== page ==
Have a great day!

  8. mastadge (Reply) on Wednesday 9 January, 2013 at 22:34

    I guess it’s just a matter of taste. James asks why someone would take this off the shelf ahead of StarGate or The Mummy . . . and at this point, having had the score for only a year, I’ve probably listened to it as much as both of them combined — and I love StarGate! (Even if the presentation of numerous short cues is tiring to my ears.) Contrary to the review above, I find this fun and engaging from start to finish — even, yes, in a “sedate setting”. While this score doesn’t reinvent the wheel, as far as wheels go it’s a very well-constructed one and, to my ears, is distinct enough from others in its genre that, while immediately accessible, it doesn’t come across as familiar or derivative to any distracting extent. And I find the whole trio of cues from the Nautilus sequence as energizing as anything from any score in the last couple years. But then, I’ve never warmed up to John Barry, Thomas Newman or Alan Silvestri (with a very few individual exceptions from each), so obviously my tastes and what works for me aren’t always in line with what works for others.

  9. Rick (Reply) on Thursday 10 January, 2013 at 00:10

    Don’t get me wrong- I really like it!
    My point was that I ‘d heard so many raves about it.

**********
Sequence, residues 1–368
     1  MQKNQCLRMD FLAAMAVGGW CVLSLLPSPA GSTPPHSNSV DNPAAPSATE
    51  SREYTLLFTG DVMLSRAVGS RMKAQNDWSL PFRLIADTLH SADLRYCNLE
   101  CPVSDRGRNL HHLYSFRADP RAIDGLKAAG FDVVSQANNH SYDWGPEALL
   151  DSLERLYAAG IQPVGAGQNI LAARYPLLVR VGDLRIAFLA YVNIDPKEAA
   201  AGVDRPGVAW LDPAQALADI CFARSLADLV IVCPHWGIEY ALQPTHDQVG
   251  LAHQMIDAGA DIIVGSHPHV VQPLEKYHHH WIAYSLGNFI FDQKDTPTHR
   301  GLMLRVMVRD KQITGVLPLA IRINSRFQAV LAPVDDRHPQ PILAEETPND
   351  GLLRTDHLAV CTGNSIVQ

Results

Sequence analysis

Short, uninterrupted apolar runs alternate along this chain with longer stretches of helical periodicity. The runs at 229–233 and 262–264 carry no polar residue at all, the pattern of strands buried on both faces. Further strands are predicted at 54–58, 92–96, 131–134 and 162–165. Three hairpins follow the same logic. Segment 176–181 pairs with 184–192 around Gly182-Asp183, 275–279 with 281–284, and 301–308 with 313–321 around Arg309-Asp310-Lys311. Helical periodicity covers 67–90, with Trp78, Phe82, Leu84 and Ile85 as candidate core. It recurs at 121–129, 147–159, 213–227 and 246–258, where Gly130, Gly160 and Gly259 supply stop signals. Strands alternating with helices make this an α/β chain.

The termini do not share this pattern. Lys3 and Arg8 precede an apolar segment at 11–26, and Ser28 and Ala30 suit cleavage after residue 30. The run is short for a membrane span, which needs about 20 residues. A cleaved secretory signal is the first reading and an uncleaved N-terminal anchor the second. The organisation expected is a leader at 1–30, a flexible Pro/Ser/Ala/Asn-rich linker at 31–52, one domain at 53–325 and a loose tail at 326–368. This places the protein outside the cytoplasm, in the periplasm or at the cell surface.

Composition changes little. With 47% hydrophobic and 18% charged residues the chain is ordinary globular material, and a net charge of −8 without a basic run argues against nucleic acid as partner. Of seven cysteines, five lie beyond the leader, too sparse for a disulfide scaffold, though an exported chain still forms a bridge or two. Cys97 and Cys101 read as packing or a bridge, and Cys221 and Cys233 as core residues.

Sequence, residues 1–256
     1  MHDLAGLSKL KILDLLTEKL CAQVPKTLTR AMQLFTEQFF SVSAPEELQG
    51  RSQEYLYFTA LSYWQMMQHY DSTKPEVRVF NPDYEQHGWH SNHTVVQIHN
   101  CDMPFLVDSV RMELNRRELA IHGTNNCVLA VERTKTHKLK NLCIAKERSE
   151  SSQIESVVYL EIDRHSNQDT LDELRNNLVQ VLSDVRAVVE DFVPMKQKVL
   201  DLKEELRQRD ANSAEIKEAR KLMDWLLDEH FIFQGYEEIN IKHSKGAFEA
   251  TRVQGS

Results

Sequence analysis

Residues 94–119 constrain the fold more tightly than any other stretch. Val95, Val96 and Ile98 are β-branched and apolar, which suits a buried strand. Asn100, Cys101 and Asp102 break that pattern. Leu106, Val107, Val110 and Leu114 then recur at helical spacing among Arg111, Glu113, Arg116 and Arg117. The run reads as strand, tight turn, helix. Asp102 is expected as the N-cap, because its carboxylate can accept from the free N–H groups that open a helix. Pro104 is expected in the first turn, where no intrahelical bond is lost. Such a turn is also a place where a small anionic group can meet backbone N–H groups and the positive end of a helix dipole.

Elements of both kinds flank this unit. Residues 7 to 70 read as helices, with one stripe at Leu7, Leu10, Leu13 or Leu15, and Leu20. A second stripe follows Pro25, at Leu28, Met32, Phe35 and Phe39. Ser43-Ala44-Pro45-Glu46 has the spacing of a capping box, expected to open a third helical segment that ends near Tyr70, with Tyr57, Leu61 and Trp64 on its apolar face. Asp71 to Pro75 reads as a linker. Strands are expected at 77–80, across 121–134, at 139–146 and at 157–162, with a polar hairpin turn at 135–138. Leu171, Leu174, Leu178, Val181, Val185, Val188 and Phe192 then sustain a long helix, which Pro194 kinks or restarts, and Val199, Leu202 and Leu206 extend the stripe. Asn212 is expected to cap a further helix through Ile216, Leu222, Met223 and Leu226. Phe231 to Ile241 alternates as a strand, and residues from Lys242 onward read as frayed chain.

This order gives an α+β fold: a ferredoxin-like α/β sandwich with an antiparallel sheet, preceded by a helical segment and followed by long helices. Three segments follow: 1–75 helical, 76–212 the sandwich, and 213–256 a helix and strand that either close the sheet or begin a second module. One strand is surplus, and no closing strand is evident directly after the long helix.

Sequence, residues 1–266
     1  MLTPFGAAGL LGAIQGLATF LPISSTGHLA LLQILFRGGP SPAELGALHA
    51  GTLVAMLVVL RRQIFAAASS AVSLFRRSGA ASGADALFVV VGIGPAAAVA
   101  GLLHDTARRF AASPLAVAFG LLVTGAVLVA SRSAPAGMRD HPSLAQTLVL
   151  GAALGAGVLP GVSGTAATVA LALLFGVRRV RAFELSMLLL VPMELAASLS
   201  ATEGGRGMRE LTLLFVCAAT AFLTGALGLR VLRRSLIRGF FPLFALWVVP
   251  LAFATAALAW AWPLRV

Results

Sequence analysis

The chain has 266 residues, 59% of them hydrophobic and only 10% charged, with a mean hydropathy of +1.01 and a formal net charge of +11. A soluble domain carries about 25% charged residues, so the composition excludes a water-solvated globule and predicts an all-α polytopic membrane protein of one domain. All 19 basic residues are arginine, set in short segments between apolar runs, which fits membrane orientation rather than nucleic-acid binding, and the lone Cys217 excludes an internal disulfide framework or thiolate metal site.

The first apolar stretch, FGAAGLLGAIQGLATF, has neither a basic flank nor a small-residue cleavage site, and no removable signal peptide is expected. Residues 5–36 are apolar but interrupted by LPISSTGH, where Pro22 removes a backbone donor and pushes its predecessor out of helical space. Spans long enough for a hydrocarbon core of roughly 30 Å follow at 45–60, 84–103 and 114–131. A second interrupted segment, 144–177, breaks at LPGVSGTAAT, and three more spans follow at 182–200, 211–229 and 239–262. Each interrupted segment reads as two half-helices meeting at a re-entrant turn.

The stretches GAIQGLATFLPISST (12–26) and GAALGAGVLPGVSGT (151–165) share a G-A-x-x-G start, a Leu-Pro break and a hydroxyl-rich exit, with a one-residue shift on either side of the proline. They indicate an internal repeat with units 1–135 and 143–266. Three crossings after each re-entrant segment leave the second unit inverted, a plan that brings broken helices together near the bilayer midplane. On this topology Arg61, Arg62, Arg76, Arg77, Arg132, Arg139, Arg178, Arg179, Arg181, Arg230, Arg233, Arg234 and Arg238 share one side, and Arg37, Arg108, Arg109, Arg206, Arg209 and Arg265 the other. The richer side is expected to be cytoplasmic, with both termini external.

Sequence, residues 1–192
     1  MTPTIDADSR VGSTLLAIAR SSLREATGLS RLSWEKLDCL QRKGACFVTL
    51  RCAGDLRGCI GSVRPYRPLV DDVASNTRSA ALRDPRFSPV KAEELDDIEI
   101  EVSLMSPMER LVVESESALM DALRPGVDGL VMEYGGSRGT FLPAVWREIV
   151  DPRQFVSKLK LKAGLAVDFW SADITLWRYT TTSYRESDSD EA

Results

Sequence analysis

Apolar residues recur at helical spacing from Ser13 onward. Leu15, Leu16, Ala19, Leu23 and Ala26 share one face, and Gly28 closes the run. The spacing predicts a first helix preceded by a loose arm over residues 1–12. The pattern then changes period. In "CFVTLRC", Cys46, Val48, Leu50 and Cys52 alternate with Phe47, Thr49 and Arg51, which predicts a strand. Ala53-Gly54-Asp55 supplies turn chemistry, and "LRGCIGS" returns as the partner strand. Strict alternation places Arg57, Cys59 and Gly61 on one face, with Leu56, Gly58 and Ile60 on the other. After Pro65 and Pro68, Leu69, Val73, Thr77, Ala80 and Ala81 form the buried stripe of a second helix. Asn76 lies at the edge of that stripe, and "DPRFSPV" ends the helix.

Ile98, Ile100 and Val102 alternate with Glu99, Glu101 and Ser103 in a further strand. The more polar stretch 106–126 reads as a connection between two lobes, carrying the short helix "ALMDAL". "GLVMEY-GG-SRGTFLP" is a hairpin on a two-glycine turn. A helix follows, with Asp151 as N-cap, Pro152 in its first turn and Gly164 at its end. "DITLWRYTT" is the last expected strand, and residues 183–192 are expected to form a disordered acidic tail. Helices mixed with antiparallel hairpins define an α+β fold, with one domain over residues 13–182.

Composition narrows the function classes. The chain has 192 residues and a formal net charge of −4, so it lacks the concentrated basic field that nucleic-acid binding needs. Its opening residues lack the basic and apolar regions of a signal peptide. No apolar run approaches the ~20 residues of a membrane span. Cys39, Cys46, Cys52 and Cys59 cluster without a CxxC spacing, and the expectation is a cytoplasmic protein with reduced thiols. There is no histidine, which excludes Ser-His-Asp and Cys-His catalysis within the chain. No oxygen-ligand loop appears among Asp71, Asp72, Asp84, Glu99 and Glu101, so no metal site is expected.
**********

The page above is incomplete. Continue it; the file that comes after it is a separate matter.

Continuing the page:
If I had read a few dissenting comments, I would’ve known what I was in for (since I didn’t see either movie).
    In essence, I’m not slamming it at all- I really was just trying to compliment Southall on his different take- that was my only real point.
    However- I am kind of a bone head, so sometimes I don’t say what I’m actually trying to say.
    Great swashbuckling score- just a 4 instead of 5 star for me.
    Have a great day!

  10. Rick (Reply) on Thursday 10 January, 2013 at 12:00

    Also- just to further illustrate the nature of my comments- I think James’ use of “Stargate” and especially Silvestri’s “The Mummy Returns” really brought it home for me. Whereas “Journey 2” is a jumpy, action-packed good time, Stargate and Returns just seem to have a bit more of a lush quality, and a bit more depth… (terrible adjectives, I know)

    But honestly, I’m going to have Journey 2 on the hi-fi all morning long just to re-assess it!
    (and listening to quality uptempo music in the morning is NEVER a bad thing…)

  11. Edmund Meinerts (Reply) on Friday 11 January, 2013 at 00:08

    I do somewhat agree with you regarding the fact that Stargate and The Mummy Returns both seem a bit lusher, a bit “bigger”. Then again, both those movies are staged as, or have certain scenes that emulate, Golden Age epics, whereas Journey 2 (the film) is too fast-paced and modern to engage in such frivolities. On the other hand, the sheer pace of Journey 2 leaves Stargate and TMR in the dust, and as such I’d give it the edge for sheer entertainment value (if not necessarily striking originality).

    By the way, I think James was referring to Goldsmith’s original Mummy in that comment – he hasn’t reviewed Silvestri’s The Mummy Returns, but from the offhand comments in some of his other reviews, I don’t actually get the impression he likes it all that much!